Welcome to the real-world assets | RWA crypto

For years blockchain advocates have been championing the idea of tokenizing real-word assets (RWA). Bringing RWA onchain will make markets faster and more efficient. It also opens up other complexities. This week bringing RWAs onchain took a big first step.

Welcome to the real-world assets | RWA crypto

There exists a vision of the world in which everything is tokenized and all financial assets live onchain.

In this world physical objects, real estate, art, securities, whatever — are represented by smart contracts. The smart contracts are recorded on a blockchain and exist as tradable tokens.

This vision makes it possible for all real-world assets (RWA) to trade onchain. This setup has some major advantages, and some major disadvantages, depending on your point of view.

The tokenization of everything, or the move of RWA to crypto systems, will make things like instant settlement and uninterrupted trading possible. Trading RWA onchain will also create new kinds of transparency and accountability because onchain means all of the activity is recorded on open digital ledgers.

But bringing all tradable financial assets onchain also has some costs or raises potential issues that the current financial system is insulated against.

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If you lived through the financial crisis of 2008/2009, you understand that adding sophistication to financial fundamentals doesn’t always end well. Near-instant settlement and around-the-clock trading will likely lead to less-than-desirable arbitrage and flash trading scenarios. New kinds of tokenized RWA also open new possibilities for leverage and derivatives, which can be tools or weapons depending on how they are used.

What happens when real-world assets meet crypto (RWA and crypto)

The big news here is that BlackRock just announced that it is creating a tokenized asset fund. The goal of the fund is to start bringing RWA onchain and make them tradable. Crypto and digital asset proponents have been talking about this use case forever. The basic party line is that someday everything will be tokenized, or that all assets will trade onchain.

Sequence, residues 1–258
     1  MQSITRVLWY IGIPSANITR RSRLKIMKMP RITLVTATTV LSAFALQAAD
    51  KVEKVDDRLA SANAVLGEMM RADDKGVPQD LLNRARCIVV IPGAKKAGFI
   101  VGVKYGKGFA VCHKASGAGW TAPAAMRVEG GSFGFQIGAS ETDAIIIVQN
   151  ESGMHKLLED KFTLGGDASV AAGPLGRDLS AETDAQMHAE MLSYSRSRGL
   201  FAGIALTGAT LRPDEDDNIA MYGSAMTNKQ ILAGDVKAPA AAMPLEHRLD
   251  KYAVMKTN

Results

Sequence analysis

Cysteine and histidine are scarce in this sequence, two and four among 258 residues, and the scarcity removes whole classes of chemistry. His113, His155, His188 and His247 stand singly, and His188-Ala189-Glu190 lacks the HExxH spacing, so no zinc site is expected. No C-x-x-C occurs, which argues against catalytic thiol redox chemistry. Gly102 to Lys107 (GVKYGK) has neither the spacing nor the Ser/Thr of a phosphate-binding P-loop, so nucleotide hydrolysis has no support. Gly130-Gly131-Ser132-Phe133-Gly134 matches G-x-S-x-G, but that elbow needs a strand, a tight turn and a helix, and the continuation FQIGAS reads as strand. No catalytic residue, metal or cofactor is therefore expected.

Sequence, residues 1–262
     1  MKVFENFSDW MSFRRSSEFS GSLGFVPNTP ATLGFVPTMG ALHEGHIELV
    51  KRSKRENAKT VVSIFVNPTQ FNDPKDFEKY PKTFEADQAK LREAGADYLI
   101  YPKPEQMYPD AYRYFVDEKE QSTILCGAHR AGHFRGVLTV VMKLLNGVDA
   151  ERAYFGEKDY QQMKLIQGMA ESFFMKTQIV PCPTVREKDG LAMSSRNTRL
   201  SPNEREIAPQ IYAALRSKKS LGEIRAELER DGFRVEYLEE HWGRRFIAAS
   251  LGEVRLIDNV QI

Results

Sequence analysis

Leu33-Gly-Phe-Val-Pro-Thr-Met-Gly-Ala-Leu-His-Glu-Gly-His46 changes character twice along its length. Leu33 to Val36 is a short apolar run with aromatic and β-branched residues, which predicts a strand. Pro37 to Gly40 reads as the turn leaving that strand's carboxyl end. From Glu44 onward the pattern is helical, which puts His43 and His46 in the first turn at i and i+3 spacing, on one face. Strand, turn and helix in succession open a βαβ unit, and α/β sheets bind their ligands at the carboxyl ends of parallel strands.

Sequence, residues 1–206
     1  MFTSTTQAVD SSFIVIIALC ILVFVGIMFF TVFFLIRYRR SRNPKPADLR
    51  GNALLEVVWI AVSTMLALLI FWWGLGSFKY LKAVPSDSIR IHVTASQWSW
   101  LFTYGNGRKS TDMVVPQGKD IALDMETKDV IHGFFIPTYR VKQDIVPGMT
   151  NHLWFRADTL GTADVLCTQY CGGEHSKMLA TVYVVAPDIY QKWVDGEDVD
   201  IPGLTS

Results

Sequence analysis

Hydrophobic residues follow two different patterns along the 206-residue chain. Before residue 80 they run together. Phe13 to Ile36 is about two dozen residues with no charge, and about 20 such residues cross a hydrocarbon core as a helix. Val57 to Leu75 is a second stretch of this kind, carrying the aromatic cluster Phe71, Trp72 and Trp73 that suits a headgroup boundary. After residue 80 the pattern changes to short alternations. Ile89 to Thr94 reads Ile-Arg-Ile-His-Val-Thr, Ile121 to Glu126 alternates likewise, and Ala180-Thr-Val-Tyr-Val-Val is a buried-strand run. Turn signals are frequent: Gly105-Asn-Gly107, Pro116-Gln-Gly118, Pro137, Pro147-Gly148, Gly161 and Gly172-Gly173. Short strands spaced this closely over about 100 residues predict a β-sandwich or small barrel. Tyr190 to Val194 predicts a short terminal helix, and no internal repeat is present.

BlackRock’s tokenized fund, which is called BlackRock USD Institutional Liquidity Fund, will exist on Ethereum. This first fund will consist of stable financial assets such as Treasury bills. The assets, will be held by a custodian, but be fully available to trade as tokens on the blockchain (it sounds like only accredited investors will be able to buy, hold, or sell the token), at all times.

On one hand, this feels new and innovative, because it is. Traditional financial assets like T-bills will now be available onchain, which makes them way easier to buy and sell at any time and across any market.

At the same time, this fund feels fairly…tame, because it is. Buying and selling tokenized shares of things like cash or T-bills isn’t as exciting as buying a tokenized share of a classic car collection or a piece of a medieval castle in some obscure location.

Here’s a snippet from the press release announcing the fund.

BUIDL seeks to offer a stable value of $1 per token and pays daily accrued dividends directly to investors' wallets as new tokens each month. The Fund invests 100% of its total assets in cash, U.S. Treasury bills, and repurchase agreements, allowing investors to earn yield while holding the token on the blockchain. Investors can transfer their tokens 24/7/365 to other pre-approved investors. Fund participants will also have flexible custody options allowing them to choose how to hold their tokens.

This fund feels a little bit like training wheels and that’s probably all by design. Bringing RWA onchain will take time. Bringing exciting or hard-to-invest-in assets onchain might take longer.

But the big takeaway here is that RWA moving onchain is no longer theoretical. It’s happening now, and the movement is being led by one of the largest traditional asset managers in the world.

What’s driving real-world assets onchain?

A few forces are driving toward bringing more real-world assets onchain.

The first is that tokenizing physical assets to make them available for digital trading feels inevitable. It’s not like this move is happening in a vacuum. The world is undergoing a massive digital transformation. The move to digital systems promises efficiency, speed, and accurate data. All of those attributes make the financial sector a prime target for digital adoption.


Secondly, as we’ve seen elsewhere, the financial use cases are the most compelling and the easiest to bring onchain.

After all, blockchain is a digital ledger, but one that cuts out some of the cost and overhead of centralized systems (or at least distributes costs among a network of users rather than holding it in one place, like within a corporate structure, for example.

So there’s this inflection point developing — where financial assets and asset managers are looking for efficiency, and blockchain is becoming well-developed enough to begin testing how distributed financial engineering could work.

You could say that the creation (and early success) of the Bitcoin ETF was the first part of what now feels like it will become a chain reaction. In the near term, we’ll have more overlap between traditional finance and decentralized finance. Eventually, as more assets trade onchain and more of the infrastructure to custody and handle assets in a regulatory compliant way, the lines between the two systems will become blurred.

One of the biggest advantages of moving RWA onchain is speed. Speed of execution speed of settlement and the ability to access markets 24/7 all mean that market movements up and down will also happen faster. The new market efficiency will likely make it possible for people and companies to get richer — or get ruined — faster.